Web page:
Malaria is a serious and sometimes life-threatening parasitic infection spread by the bite of certain mosquitoes (i.e. the female Anopheles mosquito).
Mainland Australia is free from malaria, but it is sometimes present in the Torres Strait Islands. Malaria occurs most commonly across the equatorial regions of the globe, and therefore, travellers to these regions should consider medication for malaria prevention before they leave, during travel and after they return.
Malaria can be a severe infection, and may be fatal without effective and timely treatment.
Key disease information
Malaria is a serious and sometimes fatal disease caused by a parasite that commonly infects a certain type of mosquito (i.e. the female Anopheles mosquito), which feeds on humans.
There are four types of parasites that cause malaria in humans: P. ovale, P. malariae, P. vivax and P. falciparum. Initially, the parasite roam in the bloodstream for a short time before moving on to infect the liver and multiply. After about 6 to 16 days (depending on which parasite it is), the parasite returns to the bloodstream to infect and multiply inside the red blood cells.
Malaria is spread by the bite of the female Anopheles mosquito. The mosquito may have picked up the parasite from another person, but in general, people cannot spread the parasite directly to one another.
Malaria may also be spread by blood transfusion, organ transplantation, sharing of needles, or from mother to baby before and/or during birth.
No. Malaria cannot be spread casually from person to person. Malaria can only be transferred by the bite of the female Anopheles mosquito.
However, because malaria lives in the red blood cells, it can be spread via blood transfusion, organ transplantation, or from a mother to baby.
Malaria may present with cycles of fever, sweating, chills, and shivering, along with headache, diarrhoea, and anaemia.
Severe malaria, particularly of which is caused by the Plasmodium falciparum parasite, may include symptoms of brain involvement (cerebral malaria) including abnormal behaviour, seizures, and coma. Acute respiratory distress, kidney failure, and death may also occur in cases of severe malaria.
In most cases, symptoms will appear within 10 days to 4 weeks after infection, although it has been known to happen as early as 7 days or as late as 1 year later.
Malaria is very common across the equatorial regions of the globe, including sub-Saharan Africa, South East Asia, Eastern Mediterranean, Western Pacific, and the Americas.
There are two main ways to prevent malaria infection: by preventing mosquito bites and by taking anti-malarial medication.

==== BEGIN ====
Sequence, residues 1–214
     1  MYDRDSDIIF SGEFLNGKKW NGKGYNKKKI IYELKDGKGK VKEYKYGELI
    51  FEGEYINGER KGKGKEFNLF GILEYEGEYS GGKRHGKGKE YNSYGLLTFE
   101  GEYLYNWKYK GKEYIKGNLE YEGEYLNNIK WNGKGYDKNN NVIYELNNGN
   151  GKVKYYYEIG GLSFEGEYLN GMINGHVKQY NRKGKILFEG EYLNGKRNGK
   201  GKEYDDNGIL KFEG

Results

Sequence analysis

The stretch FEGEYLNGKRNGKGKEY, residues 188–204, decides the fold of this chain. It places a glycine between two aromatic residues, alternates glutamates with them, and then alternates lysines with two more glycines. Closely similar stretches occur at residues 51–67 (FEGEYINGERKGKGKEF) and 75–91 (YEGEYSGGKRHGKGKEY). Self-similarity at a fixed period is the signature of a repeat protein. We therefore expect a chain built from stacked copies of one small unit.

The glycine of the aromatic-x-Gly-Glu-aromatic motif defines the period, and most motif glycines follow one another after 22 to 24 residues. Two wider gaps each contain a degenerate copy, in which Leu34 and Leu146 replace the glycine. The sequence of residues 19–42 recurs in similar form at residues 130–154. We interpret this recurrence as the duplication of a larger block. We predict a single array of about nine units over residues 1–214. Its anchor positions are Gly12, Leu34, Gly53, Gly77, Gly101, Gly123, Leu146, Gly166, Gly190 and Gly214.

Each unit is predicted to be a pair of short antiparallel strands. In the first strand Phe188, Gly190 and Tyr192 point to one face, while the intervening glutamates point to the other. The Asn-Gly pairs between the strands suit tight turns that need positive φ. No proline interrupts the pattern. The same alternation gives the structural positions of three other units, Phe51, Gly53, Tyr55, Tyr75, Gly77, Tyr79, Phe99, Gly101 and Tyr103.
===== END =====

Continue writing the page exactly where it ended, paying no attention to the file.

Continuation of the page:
Ways to prevent mosquito bite include:
- Wearing loose-fitting long-sleeved shirts and long pants.
- Using high strength mosquito repellent on exposed skin and clothes. If also using sunscreen, make sure to apply sunscreen first and then the repellent.
- Using clothing and equipment such as boots and tents treated with permethrin (an insecticide).
- Being extra vigilant at dawn and dusk (peak mosquito biting hours).
- Removing or covering still water, e.g. water buckets.
- Sleeping in a room where windows and doors are closed or screened or using a bed net if the room is exposed to the outdoors. Use “Long-Lasting Insecticidal Nets” (LLINs) in preference to “Insecticide-Treated Nets” (ITNs).
- Spraying the indoor surfaces of houses and living quarters with residual insecticides.
There are several different anti-malarial medications available and your doctor will be able to decide which one is most suitable for you depending on your itinerary. These need to be taken before, during and after your trip.
For further information regarding malaria and its prevention, speak with your healthcare professional.
Sources & Citations
- NSW Government, Department of Health, Malaria fact sheet. Available at http://www.health.nsw.gov.au/Infectious/factsheets/Pages/malaria.aspx (accessed 5 April 2018).
- Victorian State Government, Better Health Channel, Malaria. Available at https://www.betterhealth.vic.gov.au/health/conditionsandtreatments/malaria (accessed 5 April 2018).
- World Health Organisation, Malaria Fact Sheet. Available at http://www.who.int/mediacentre/factsheets/fs094/en/ (accessed 5 April 2018).
- Australia’s Notifiable Disease Status, 2014: Annual Report of the National Notifiable Diseases Surveillance System, Results Part 6 Vectorborne Diseases. Available at http://www.health.gov.au/internet/main/publishing.nsf/Content/cda-cdi4001e6.htm (accessed 5 April 2018).
- Centers for Disease Control and Prevention, Malaria Disease. Available at https://www.cdc.gov/malaria/about/disease.html (accessed 5 April 2018).
- Centers for Disease Control and Prevention, Malaria FAQs. Available at https://www.cdc.gov/malaria/about/faqs.html (accessed 5 April 2018).
- World Health Organisation, Malaria Vaccine Development. Available at http://www.who.int/malaria/areas/vaccine/en/ (accessed 5 April 2018).
- Australian Department of Health, Summary information about overseas-acquired vectorborne disease notifications in Australia. Available at: http://www.health.gov.au/internet/main/publishing.nsf/Content/F4E393746A4B690FCA2580D4007DB251/$File/19-May18-overseas-notifications.pdf (accessed 5 June 2018)
SPANZ.SAPAS.18.05.0186 - Date of preparation May 2018Show All